The Peril of Populism

2 Comment(s) | Posted | by Ramón Luzárraga |

For the past forty years, the United States has been dealing with recurrent waves of populism.  Moreover, Christianity in the United States was and remains an important part of the fuel supporting this populism. The election of Donald J. Trump, despite his nebulous relationship with Christianity, is one result of this latest wave.

The history of Christian populism goes back to 1800 with the beginning of the Second Great Awakening. That Awakening was an attempt to revive a Calvinist, Protestant understanding of Christianity that helped shape the foundation of the United States and counter the growing influence of the French Revolution, albeit without the anti-clericalist Catholic complaints, in American culture. However, the explosion of religious faith that the revival had inspired west of the Appalachian Mountains overwhelmed the Calvinist goals. There, Baptists, Methodists, and other Christian churches evangelized successfully a population that was expanding rapidly in what was then the American frontier. The Roman Catholic Church made its own efforts to organize itself in that same westward expansion in the US. 

The revival succeeded and Christianity identified itself as the religion of the people.  As a result of this identification, churches in the United States remained full for most years since.  Unfortunately, Christianity has paid a heavy price for this success. The revival gave Americans permission to privilege their individual, subjective experiences of God over any received Christian theological tradition or any authority who claimed, by virtue of God’s call or formal education for ministry, to interpret the Bible or sacred tradition for a congregation or church. Today, if a minister or priest attempts to teach the Word of God, congregants may not take to heart the lessons of that Word or seek to deepen their commitment to God since they have their own popularist-conceived interpretations. They’ll ignore the message given from the pulpit, change churches, or even start their own church. Christianity has become in the popularist initiative a consumable commodity, meant to satisfy the individual-subjective wants of congregations instead of a faith that challenges people to follow God’s will for Christian community. Such congregations become vulnerable to charlatans who claim to meet those wants and so feed their narrow interests.     

The populism unleashed by the Second Great Awakening was a major factor in the 1829 election of Andrew Jackson, the first populist to win the presidency. Populism helped drive the belief, still held by many Americans today, that their native, conniving, subjective genius is as good or better than the formal training of professionals. Ironically, rejecting the professional guidance and advice of educated, trained professionals makes more people more vulnerable to social and economic forces where such expertise could help them navigate life constructively. Nevertheless, when people begin to think that forces outside their control are holding them back, they turn to charismatic, messianic figures to save them. Those self-appointed saviors scapegoat outsider-despised minorities for causing the social and economic instabilities under which “true believers” suffer.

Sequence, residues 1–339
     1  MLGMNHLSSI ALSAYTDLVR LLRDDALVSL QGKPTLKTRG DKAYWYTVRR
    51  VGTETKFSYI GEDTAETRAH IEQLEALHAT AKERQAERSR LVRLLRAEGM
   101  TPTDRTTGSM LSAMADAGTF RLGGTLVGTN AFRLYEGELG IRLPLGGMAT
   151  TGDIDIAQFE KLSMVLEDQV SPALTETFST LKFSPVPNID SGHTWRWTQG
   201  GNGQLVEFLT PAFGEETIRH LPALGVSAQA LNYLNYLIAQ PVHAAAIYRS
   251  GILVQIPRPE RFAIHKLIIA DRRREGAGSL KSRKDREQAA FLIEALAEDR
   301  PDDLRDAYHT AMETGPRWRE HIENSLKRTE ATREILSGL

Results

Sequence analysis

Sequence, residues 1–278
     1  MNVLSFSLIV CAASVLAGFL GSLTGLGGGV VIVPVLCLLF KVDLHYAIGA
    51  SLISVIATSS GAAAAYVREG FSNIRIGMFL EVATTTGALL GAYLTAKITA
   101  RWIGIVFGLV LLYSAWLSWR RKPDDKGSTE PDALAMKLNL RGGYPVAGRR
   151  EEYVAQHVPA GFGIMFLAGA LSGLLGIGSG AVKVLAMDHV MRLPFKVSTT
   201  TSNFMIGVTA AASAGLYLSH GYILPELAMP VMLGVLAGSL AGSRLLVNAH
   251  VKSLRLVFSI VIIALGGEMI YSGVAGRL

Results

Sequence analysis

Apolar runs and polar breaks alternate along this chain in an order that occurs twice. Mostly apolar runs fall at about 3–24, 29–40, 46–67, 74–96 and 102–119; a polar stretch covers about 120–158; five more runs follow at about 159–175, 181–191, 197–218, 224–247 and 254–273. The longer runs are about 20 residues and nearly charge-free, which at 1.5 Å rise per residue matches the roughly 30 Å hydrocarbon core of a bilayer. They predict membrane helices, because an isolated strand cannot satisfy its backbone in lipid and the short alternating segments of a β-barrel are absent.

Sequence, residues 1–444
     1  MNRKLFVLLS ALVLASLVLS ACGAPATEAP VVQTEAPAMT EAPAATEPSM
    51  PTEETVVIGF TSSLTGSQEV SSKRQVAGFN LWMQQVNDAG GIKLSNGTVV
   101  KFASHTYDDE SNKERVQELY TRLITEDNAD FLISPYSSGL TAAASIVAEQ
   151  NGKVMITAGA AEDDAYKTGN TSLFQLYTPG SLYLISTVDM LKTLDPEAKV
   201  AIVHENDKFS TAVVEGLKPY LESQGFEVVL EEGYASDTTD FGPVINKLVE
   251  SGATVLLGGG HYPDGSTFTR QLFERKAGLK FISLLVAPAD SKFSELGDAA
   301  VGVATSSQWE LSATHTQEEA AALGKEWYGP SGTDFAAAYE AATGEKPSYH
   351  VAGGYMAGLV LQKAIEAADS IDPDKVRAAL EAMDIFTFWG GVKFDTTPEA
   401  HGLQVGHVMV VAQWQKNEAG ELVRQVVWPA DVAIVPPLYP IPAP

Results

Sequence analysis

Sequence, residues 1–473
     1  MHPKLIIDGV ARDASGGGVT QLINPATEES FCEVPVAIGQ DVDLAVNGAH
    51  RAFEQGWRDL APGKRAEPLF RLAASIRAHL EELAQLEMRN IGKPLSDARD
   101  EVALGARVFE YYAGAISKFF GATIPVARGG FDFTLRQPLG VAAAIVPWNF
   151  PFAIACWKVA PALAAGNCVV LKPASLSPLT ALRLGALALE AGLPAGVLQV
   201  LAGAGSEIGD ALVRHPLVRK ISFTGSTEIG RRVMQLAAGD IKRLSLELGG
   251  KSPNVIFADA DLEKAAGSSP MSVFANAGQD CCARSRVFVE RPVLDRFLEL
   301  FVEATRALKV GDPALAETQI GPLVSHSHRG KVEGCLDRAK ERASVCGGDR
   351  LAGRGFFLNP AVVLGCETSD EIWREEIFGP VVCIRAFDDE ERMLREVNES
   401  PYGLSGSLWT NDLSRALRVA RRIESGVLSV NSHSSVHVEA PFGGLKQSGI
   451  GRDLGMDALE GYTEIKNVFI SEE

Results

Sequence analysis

The native genius of a people, unless formed by theory tested over time and given a constructive direction by institutions of democracy, will yield incompetence, frustration, and the turning to despotism to save people from their own folly. False messiahs, like the populism that spawns them, always fail the people they are presumed to liberate, if for no other reason than their own self-aggrandizing interest.

Let’s hope, pray, and work for a New Year that awakens the US populace to a new order where peace, security, and the common good prevail.

 

Comments

  1. Thomas Massaro, S.J.'s avatar
    Thomas Massaro, S.J.
    | Permalink
    Dr. Ramon Luzarraga does us a great service by offering this trenchant critique of this style of populism and its pernicious effects. The perennial problem of self-serving charlatans and false messiahs must be addressed in some constructive way, especially because of the inevitable scape-goating of outsiders which exerts destructive effects on the immigration and law-enforcement systems of our nation. Understanding the history of nativism and populism are the first steps to any remedy, and this perceptive contribution is a most helpful first step. The next would be a revival of the role of "communities of memory" (a phrase from "Habits of the Heart" and other works of Robert Bellah) that might correct the populism-of-the-moment with deeper sources of wisdom from religious traditions. Thanks for this insightful forum entry.
  2. David DeCosse's avatar
    David DeCosse
    | Permalink
    Many thanks, Ramon, for your very helpful thoughts on populism in the US context. I'm struck in reading your piece about how John Courtney Murray saw a close connection between the freedom of the Church and the freedom of the people. In other words, that the fate of the Church -- its very sense of mission and freedom in political society -- is deeply tied to the fate of the people or political community in which it finds itself. I don't think that's the way that the Catholic Church in the US has construed recently its sense of religious freedom. But I think there's something to recover here -- akin to what Tom Massaro suggests in his comment: The Catholic Church as one such "community of memory" to be put into richer dialogue with the populist movement of today.

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